In that workhorse category, the best of the lot for beginning spellers is a new program by Arcadia Productions called “Spell Dodger!” It has whimsical animation and sound, and two games that draw kids in and then reward their wins by asking them to type their spelling words. To enter a custom list, you have to supply definitions and context sentences. It’s an effort, but consider it a trade-off for the time you would have spent on flash cards or doing the old verbal drill.

For ease of use, “Super Solvers Spellbound” (The Learning Co., ages 7 to 12) wins top prize. You can program “Super Solvers Spellbound” with your custom list in five minutes. You don’t need to supply definitions or context sentences. There are three spelling drill games: a hidden word puzzle, a flash-card game and a crossword puzzle. When a child does enough spelling drills, he or she gets to enter a spelling bee. Competitive children love the spelling bee--but many get bored with the drills.

“Word Attack 3" (Davidson, ages 10 to adult) is also new and has many attractively loopy arcade games. There’s a hat game and a silly maze in which a character chomps up words after you supply the right definitions. The de rigueur crossword puzzle is in there as well as a Scrabble-like unscrambling test. It’s the most powerful of the good spelling tutors. You can print out crossword puzzles, tests and an array of other configurations of your or the program’s spelling lists. It’s more tedious to program with your custom list than “Spell Dodger!,” but once the list is in you can do more with it. Biggest drawback: The unscrambling game is the only one that asks kids to type in their words (that is, the only one that gives them real spelling practice). Many teachers regard letter scrambling as counterproductive, on the theory that children who see words misspelled are reinforced in bad spelling habits.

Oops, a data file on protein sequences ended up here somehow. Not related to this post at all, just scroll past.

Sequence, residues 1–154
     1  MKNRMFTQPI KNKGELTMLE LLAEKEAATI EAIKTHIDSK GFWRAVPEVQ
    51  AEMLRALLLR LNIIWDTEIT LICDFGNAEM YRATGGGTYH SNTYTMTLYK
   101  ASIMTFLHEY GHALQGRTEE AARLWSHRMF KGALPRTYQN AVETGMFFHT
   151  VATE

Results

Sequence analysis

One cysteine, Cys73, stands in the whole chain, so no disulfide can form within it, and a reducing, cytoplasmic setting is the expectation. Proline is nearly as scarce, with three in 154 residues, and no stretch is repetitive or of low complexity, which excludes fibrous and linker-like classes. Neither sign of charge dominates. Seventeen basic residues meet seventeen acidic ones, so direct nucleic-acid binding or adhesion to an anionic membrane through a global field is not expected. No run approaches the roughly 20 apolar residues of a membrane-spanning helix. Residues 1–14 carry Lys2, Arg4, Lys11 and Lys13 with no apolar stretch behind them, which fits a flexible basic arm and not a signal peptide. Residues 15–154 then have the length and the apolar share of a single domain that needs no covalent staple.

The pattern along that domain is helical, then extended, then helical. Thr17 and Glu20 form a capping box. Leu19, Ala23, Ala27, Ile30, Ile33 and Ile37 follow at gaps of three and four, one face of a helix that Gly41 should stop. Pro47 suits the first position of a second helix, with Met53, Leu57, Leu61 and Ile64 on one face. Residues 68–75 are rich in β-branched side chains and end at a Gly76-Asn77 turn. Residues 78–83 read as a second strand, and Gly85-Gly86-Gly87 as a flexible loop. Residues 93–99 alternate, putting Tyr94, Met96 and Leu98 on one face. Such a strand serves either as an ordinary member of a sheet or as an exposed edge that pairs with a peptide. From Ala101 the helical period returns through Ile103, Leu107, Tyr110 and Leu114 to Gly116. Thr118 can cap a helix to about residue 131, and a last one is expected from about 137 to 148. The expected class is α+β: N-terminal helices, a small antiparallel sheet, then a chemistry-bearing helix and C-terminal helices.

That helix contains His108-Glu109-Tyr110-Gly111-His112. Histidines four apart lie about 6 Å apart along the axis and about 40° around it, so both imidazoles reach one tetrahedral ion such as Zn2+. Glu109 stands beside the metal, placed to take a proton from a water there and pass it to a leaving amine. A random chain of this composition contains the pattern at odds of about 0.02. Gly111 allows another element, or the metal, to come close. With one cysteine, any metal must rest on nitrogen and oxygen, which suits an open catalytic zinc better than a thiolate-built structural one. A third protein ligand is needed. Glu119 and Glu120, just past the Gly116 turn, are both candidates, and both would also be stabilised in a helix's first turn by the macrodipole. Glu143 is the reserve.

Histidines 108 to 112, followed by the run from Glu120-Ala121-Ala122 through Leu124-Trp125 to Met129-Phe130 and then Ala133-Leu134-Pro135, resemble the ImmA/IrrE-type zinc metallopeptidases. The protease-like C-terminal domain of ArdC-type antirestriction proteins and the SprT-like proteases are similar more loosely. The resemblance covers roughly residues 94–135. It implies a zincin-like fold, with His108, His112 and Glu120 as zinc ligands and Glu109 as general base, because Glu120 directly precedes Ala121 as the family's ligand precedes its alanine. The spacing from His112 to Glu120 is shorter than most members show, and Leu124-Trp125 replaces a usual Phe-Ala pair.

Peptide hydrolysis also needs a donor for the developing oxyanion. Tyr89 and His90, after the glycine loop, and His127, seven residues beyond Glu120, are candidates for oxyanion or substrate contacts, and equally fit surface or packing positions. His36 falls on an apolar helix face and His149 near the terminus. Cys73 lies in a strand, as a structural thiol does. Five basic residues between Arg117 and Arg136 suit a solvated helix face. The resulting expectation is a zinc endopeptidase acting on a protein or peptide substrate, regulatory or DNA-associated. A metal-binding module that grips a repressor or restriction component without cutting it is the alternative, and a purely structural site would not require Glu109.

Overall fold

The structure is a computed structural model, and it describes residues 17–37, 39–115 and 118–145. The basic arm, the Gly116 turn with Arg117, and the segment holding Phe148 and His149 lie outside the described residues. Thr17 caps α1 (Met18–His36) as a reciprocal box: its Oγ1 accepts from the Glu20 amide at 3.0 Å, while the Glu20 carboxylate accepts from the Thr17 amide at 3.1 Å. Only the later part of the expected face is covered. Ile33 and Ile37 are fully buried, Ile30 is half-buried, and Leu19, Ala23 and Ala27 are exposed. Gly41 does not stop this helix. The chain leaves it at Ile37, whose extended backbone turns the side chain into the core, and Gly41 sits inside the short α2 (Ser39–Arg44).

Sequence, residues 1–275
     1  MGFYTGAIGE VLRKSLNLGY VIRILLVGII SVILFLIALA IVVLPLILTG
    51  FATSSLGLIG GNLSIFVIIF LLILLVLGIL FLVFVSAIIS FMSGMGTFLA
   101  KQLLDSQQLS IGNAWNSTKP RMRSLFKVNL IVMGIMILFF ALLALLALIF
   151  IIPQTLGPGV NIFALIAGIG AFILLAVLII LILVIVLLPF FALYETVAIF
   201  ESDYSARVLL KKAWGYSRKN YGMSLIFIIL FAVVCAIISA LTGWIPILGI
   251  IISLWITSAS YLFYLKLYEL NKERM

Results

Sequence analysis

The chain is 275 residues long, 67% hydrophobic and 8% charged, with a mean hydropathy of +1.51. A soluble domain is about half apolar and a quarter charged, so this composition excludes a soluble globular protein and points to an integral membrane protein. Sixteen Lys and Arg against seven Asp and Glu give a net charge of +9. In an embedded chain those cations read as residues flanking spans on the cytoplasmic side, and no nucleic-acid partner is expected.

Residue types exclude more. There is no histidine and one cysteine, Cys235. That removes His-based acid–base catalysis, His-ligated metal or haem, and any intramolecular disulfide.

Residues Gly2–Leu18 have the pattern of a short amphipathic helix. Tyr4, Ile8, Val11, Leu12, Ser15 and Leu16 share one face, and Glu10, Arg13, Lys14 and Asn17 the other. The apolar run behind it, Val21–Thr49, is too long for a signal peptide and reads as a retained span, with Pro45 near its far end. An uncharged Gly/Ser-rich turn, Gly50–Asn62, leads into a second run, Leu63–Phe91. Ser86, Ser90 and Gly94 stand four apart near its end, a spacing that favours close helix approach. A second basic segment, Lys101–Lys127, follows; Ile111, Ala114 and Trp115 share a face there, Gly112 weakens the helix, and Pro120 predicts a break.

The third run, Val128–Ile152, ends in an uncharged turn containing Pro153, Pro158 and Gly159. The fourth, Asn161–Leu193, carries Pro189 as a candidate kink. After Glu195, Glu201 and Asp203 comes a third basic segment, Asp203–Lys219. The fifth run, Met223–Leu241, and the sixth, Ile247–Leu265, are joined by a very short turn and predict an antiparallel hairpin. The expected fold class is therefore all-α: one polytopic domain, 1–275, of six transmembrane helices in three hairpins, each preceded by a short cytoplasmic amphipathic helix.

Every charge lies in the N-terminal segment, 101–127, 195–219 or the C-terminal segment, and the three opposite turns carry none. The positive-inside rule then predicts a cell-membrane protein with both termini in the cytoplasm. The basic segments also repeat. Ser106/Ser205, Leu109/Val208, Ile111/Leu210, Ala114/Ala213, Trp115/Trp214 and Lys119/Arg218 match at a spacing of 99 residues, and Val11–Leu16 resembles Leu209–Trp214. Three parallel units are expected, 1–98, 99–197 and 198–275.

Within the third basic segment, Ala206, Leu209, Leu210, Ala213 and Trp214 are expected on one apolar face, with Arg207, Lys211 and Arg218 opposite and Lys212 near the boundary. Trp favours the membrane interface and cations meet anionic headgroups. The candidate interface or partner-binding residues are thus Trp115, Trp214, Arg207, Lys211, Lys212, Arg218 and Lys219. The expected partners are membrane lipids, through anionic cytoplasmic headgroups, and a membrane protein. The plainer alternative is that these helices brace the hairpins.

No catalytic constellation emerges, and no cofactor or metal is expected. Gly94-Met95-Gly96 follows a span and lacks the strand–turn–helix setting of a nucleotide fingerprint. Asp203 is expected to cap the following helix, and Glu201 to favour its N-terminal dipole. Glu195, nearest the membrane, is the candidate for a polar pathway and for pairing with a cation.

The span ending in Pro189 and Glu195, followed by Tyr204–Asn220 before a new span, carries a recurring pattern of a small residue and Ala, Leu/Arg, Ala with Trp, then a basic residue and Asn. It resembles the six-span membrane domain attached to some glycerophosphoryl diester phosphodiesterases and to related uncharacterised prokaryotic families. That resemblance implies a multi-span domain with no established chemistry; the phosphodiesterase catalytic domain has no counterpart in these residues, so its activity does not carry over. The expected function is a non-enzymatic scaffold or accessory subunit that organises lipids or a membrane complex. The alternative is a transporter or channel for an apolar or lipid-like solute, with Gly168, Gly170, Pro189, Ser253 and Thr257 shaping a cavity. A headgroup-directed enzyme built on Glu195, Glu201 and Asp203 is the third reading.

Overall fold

By default, the hottest sizzle in the spelling drill business belongs to a graphically primitive program called “Super Spellicopter” (Compton’s New Media, ages 7 to 14). It’s a flight-simulation game in which you fly a helicopter and shoot down letters. Shoot the right letters in the right order and win.